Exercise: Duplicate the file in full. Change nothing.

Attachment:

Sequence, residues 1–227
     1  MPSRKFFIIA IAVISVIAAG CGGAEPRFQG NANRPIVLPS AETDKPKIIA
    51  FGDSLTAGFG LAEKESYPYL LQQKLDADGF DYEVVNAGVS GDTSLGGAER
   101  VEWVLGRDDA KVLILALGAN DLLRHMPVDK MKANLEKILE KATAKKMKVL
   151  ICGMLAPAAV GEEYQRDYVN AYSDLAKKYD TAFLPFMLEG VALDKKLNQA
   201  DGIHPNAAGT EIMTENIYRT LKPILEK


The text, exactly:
Sequence, residues 1–227
     1  MPSRKFFIIA IAVISVIAAG CGGAEPRFQG NANRPIVLPS AETDKPKIIA
    51  FGDSLTAGFG LAEKESYPYL LQQKLDADGF DYEVVNAGVS GDTSLGGAER
   101  VEWVLGRDDA KVLILALGAN DLLRHMPVDK MKANLEKILE KATAKKMKVL
   151  ICGMLAPAAV GEEYQRDYVN AYSDLAKKYD TAFLPFMLEG VALDKKLNQA
   201  DGIHPNAAGT EIMTENIYRT LKPILEK